The first shaded letters of the nineteenth century were shaded versions of the heavier weights of modern and fat faces. Almost exclusively in capital-only form, they started a trend that was followed by the majority of type foundries, and the form went from the smallest text sizes to large display sizes (and beyond, into wood type). Slabs became fashionable, starting with Figgins in 1815, and shaded versions began to appear by the 1820s, almost exclusively by the Caslon foundry. The robust and dominant qualities of the Egyptian form make it ideal for lettering on buildings (particularly in the extruded form), and it’s easy to imagine how this would have influenced the typefounders. The shadowed form is remarkably simple: take an Egyptian, add an outline, and then a shadow descending to the lower right. The depth of the shadow is approximately the depth of the slab serif.
Caslon Antique Shaded is based on the smoke proofs and punches held at St Bride, particularly the Two Line Bourgeois (a size just above 18 point in modern sizes). This is a compromise between the designs made for large sizes—some were up to 144 points in size—and small, down to around 10 point. In general, the outline around the letters gets lighter as the size increases. The internal letter shapes are similar to the non-shaded forms, but in some internal counters are reduced in size, as though the whiteness of the inner letter is the most important part of the character (you can see this in the A and R). The smoke proofs show how limited the character sets cut in the nineteenth century were: capitals and some basic punctuation, but lacking numerals and many characters necessary in modern typefaces, even missing a lowercase. (Caslon made one example of a shaded face with lowercase, but the only letters that are shown are Gin, so the form of the lowercase and numerals follow the form of other Egyptians in Caslon’s specimens). With such a deep and wide shadow, the spacing of the letters must be wide to avoid the clashing of character (which would never happened in the original metal version), and so the f is deliberately narrow.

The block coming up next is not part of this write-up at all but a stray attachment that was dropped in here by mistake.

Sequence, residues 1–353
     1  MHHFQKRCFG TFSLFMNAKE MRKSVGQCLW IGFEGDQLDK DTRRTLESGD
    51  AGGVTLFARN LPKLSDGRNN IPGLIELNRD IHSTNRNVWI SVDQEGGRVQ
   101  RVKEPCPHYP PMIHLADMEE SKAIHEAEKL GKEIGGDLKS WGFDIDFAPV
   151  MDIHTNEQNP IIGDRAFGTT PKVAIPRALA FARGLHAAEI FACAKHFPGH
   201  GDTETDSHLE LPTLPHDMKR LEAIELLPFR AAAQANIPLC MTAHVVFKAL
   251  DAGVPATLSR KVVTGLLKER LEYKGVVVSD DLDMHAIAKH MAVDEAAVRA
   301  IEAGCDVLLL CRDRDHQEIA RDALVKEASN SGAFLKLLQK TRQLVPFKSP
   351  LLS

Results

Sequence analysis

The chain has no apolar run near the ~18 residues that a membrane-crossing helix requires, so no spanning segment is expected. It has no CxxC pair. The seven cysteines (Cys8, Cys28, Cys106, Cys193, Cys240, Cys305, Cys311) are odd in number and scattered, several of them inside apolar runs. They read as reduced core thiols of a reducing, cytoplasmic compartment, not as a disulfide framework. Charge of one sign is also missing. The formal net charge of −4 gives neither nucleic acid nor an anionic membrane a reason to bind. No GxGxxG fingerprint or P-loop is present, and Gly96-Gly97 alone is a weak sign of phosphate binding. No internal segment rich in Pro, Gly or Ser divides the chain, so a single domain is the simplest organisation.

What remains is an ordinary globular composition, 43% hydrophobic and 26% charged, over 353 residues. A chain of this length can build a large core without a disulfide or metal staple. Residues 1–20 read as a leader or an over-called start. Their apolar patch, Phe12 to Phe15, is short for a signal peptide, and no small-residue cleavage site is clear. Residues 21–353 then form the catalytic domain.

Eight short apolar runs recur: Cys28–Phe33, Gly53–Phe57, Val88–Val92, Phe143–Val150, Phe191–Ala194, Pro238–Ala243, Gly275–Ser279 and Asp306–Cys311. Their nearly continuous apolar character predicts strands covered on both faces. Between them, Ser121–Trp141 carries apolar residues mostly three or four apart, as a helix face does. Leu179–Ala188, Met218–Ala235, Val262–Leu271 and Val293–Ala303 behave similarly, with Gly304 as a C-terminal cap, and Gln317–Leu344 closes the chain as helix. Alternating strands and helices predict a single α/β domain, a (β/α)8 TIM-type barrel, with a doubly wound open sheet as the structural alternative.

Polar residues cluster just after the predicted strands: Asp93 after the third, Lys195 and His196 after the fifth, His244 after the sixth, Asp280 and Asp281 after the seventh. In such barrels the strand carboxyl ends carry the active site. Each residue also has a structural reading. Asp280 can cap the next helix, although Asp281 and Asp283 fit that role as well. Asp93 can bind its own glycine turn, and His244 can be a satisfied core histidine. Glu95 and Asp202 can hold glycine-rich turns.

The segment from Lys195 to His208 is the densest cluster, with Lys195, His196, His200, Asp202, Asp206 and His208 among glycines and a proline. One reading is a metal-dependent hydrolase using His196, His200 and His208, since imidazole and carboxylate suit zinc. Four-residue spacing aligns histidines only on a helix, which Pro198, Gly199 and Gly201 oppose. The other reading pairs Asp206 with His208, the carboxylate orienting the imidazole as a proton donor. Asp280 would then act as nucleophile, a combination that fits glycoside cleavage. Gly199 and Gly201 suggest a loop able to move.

Caslon continued to cast the Antique Shaded into the 1870s, disappearing from the specimens by the 1880s, though they continued to be used by printers. The other foundries who followed Caslon’s lead were few and far between; a few sizes appear in the specimens of Alex. Wilson & Sons and Wood & Sharwoods. Five sizes of punches have survived at St Bride Library.